Below are reports on two of the panels that were offered at the Ninth Annual BIO Conference in May, written with assistance from John Grady. Each article continues on the BIO website. BIO members can read about seven more sessions in the July issue of The Biographer’s Craft; an archived copy is available in the Member Area.
You can see a photo gallery from the conference here.
Writing Multiple Lives
Lisa Cohen, author of All We Know: Three Lives, said she discovered that through a group biography she could dramatize her initial subject and anchor her in a community, a social circle. What tied together her three subjects—Esther Murphy, Mercedes de Acosta, and Madge Garland—was that they “were women who knew everybody” and their sexuality.
“I didn’t set out to write collective biography,” Carla Kaplan said when she started work on Miss Anne in Harlem: The White Women of the Black Renaissance. From her earlier biography on Zora Neale Hurston, Kaplan knew that many white women had connections to Hurston and others in the renaissance. As Kaplan delved deeper into the relationships those women had with Hurston and each other, she found “extraordinary dead ends” on how to approach writing about a single white woman in that time, in that place. Finally, Kaplan decided, “I am going to have to write that book to read that book” on the complexities of the relationships of the “Miss Annes”—a collective nickname—of being hostesses, philanthropists, snubbers of convention, and more.
Likewise, Justin Spring in The Gourmands’ Way: Six Americans in Paris and the Birth of a New Gastronomy had to work through “any number of false starts” to settle on how to proceed to write about six very different writers, who “were very much like the Americans of the ‘Lost Generation,’” in another era of “enormous American cultural ferment:” Paris after World War II.
Interesting as the six were as individuals, Spring said, “these people were not coming together” as a possible group biography until he found a key in Alice B. Toklas’s second book on cooking, and their shared love of French cuisine. Among the subjects in The Gourmands’ Way is Julia Child, to many Americans the doyenne of the Gallic way with food.
From left to right: Marc Leepson, Kai Bird, Max Boot, and
Heath Lee. Photo by Jane O’Connor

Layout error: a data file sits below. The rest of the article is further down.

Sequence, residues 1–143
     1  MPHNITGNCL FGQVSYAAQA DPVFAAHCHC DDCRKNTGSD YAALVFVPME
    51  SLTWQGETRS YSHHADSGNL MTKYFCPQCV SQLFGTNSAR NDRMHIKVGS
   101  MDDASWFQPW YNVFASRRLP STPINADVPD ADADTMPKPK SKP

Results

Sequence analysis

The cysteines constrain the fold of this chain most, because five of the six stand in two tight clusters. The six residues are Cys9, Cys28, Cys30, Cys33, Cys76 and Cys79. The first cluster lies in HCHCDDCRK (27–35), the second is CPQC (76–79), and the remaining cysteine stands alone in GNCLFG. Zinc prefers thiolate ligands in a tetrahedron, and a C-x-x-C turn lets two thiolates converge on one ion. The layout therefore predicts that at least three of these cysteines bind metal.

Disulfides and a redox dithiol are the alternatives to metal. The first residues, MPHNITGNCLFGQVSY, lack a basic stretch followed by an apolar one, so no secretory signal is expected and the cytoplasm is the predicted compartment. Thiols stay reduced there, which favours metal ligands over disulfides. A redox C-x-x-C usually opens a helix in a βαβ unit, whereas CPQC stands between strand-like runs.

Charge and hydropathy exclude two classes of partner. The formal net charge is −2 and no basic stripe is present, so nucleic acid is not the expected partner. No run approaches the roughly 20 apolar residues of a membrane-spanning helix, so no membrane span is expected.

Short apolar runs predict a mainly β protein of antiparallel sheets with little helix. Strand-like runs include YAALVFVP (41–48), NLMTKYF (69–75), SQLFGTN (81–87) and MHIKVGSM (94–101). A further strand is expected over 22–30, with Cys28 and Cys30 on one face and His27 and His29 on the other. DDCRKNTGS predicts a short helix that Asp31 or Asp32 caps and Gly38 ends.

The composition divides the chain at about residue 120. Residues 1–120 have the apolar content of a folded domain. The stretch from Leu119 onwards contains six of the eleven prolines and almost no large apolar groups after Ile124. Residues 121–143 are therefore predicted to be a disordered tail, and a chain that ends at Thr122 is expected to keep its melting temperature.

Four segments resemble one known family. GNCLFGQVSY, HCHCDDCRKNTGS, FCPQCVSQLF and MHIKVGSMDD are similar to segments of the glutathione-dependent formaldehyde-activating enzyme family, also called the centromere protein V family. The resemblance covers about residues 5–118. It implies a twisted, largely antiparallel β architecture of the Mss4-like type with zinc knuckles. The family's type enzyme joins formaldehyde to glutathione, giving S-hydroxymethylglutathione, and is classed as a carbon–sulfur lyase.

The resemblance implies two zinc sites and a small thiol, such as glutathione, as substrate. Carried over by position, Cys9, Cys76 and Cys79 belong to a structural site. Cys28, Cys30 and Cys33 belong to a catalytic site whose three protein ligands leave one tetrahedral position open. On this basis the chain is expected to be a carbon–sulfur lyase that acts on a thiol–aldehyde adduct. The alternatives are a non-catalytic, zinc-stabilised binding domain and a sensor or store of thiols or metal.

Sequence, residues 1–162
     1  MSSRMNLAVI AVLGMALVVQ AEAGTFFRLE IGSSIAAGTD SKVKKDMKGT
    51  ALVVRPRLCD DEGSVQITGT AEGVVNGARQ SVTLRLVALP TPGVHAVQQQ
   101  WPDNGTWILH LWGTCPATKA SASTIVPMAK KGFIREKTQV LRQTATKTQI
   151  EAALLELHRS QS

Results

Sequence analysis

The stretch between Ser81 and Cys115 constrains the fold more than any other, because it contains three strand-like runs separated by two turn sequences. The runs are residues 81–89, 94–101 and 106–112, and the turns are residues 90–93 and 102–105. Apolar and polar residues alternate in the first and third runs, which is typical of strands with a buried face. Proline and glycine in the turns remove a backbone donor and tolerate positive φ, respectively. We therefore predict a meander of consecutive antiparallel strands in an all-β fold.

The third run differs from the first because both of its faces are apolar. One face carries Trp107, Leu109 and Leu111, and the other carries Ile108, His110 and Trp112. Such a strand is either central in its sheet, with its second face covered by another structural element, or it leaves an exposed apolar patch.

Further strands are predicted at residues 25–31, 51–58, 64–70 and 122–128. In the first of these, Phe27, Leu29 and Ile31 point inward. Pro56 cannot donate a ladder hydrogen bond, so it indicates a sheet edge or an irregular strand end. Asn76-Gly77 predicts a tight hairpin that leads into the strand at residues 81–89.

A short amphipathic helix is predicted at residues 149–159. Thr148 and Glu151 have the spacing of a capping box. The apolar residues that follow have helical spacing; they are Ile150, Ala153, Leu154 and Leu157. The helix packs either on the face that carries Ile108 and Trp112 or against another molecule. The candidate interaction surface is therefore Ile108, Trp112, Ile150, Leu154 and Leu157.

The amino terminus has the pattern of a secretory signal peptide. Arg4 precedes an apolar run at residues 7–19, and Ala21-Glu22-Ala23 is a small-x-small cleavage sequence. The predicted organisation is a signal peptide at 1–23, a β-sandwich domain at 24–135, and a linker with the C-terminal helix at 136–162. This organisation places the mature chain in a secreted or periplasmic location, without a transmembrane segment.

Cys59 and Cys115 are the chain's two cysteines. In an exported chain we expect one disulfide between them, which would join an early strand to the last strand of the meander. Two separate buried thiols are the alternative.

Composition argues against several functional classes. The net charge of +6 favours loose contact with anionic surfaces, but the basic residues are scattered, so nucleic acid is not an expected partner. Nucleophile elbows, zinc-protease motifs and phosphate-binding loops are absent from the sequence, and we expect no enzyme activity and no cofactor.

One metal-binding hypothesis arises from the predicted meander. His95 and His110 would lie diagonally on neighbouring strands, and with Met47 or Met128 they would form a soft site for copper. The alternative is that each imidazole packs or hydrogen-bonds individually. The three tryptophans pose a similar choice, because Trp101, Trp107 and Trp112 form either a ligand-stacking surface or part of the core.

Writing About the Vietnam War
Moderator Marc Leepson, a Vietnam War veteran, began the session by providing some background. The Vietnam War was the longest U.S. war before the twenty-first century and the country’s most controversial overseas war. After the war, Leepson said, “Nobody really wanted to talk about it” because of its divisive nature. But as panelists Kai Bird, Max Boot, and Heath Lee showed, there is a market today for certain biographies relating to the Vietnam War era, even if there are challenges in writing them.
For Bird, one challenge was getting one of his subjects, McGeorge Bundy, to open up about his involvement in the war. Bird’s The Color of Truth: McGeorge Bundy and William Bundy: Brothers in Arms looked at the role both Bundy brothers played in setting U.S. policy toward Vietnam. Bird, a former Vietnam War protester, wanted to explore how smart, liberal intellectuals came to get America into and then defend the war. He was able to meet with both Bundys. William, he said, “was much more of a gentleman and a scholar” and more generous with his time. On the other hand, Bird said, “I feared Mac Bundy”—a man Bird once considered a war criminal. McGeorge was sometimes dismissive of Bird’s questions. The Color of Truth came out in 1991, and Bird said he had no trouble getting it published, but he was still dealing with his own anger about the war as he wrote it.
Both Max Boot and Heath Lee are of a younger generation than Leepson and Bird; their experiences of the Vietnam War were not nearly as direct. Boot said that with younger writers of Vietnam books “you lose some of that sense of immediacy” that came from authors writing just after the war. “But,” he added, “I think what you gain is some more perspective.” Boot brought that perspective to his recent biography of Edward Lansdale, the first complete look at the life of a military officer and CIA agent who helped shape U.S. policy toward Vietnam. Lansdale often appeared as a character in other books about the war, and Boot said he was usually presented in a one-dimensional way, as a con artist or malevolent figure. Boot wanted to present Lansdale in a more balanced way, while still presenting his flaws.
Heath Lee’s Vietnam book, The League of Wives: The Untold Story of the Women Who Took on the President, the Pentagon and the Rest of the US Government to Bring Their Husbands Home, which will be published April 2, 2019, is a group biography of civilians who have been overlooked: the wives of American POWs/MIAs. While writing the book, she said, she came to “love the ladies,” but she knew a biographer should not fall in love with her subjects. She interviewed most of the women featured, and they were eager to share a story that had not been told before. Another major source was the diary of Sybil Stockdale, one of the key figures in the book.